The dynamics of river bed evolution are known to be notoriously complex affected by near-bed turbulence, the collective motion of clusters of particles of different sizes, and the formation of bedforms and other large-scale features. In this paper, we present the results of a study aiming to quantify the inherent nonlinearity and complexity in gravel bed dynamics. The data analyzed are bed elevation fluctuations collected via submersible sonar transducers at 0.1 Hz frequency in two different settings of low and high discharge in a controlled laboratory experiment. We employed surrogate series analysis and the transportation distance metric in the phase-space to test for nonlinearity and the finite size Lyapunov exponent (FSLE) methodology to test for complexity. Our analysis documents linearity and underlying dynamics similar to that of deterministic diffusion for bed elevations at low discharge conditions. These dynamics transit to a pronounced nonlinearity and more complexity for high discharge, akin to that of a multiplicative cascading process used to characterize fully developed turbulence. Knowing the degree of nonlinearity and complexity in the temporal dynamics of bed elevation fluctuations can provide insight into model formulation and also into the feedbacks between near-bed turbulence, sediment transport and bedform development.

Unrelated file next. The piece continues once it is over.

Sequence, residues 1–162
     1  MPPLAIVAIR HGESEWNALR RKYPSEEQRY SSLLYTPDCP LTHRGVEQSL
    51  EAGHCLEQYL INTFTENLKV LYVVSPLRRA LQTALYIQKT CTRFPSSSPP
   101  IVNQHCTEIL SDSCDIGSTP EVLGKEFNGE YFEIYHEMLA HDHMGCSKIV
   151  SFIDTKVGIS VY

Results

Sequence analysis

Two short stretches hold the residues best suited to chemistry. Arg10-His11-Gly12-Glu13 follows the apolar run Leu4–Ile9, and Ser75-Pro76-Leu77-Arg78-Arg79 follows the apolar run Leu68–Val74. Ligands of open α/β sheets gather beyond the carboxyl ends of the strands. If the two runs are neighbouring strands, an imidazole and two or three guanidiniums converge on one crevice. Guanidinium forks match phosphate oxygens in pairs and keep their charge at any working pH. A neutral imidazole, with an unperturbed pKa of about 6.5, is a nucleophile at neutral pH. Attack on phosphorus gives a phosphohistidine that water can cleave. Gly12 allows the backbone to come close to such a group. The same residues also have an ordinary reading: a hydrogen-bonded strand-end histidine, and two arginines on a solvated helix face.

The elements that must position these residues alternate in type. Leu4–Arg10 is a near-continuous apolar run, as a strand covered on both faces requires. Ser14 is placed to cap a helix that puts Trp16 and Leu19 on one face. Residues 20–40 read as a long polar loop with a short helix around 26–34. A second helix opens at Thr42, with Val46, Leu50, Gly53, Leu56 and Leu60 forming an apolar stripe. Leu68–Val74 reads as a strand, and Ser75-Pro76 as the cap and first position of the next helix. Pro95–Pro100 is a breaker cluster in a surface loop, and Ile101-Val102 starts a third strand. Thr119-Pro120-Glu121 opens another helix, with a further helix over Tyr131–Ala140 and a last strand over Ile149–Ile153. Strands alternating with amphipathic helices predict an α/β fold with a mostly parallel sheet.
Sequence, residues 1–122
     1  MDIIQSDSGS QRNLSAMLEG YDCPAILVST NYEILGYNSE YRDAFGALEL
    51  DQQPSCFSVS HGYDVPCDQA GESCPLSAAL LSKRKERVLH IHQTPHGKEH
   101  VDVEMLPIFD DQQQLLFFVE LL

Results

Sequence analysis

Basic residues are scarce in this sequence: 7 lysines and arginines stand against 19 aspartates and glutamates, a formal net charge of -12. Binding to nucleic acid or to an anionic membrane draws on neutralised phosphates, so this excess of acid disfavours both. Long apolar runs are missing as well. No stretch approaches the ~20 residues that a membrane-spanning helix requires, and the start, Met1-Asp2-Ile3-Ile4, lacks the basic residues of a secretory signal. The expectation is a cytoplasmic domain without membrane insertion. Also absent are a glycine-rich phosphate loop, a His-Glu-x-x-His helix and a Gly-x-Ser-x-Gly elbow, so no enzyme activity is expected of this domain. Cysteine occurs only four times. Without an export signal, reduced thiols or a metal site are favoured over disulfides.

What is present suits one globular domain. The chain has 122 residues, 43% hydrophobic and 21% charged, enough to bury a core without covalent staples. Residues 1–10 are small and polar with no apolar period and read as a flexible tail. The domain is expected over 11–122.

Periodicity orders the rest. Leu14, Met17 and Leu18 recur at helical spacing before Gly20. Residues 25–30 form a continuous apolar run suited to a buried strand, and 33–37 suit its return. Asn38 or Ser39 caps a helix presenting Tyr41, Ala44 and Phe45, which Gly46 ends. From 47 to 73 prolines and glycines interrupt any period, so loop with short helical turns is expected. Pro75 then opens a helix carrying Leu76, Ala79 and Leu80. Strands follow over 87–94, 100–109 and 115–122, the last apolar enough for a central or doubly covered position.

|Original language||English (US)|
|Number of pages||9|
|Journal||Stochastic Environmental Research and Risk Assessment|
|State||Published - Jan 1 2009|
- Finite size Lyapunov exponent (FSLE)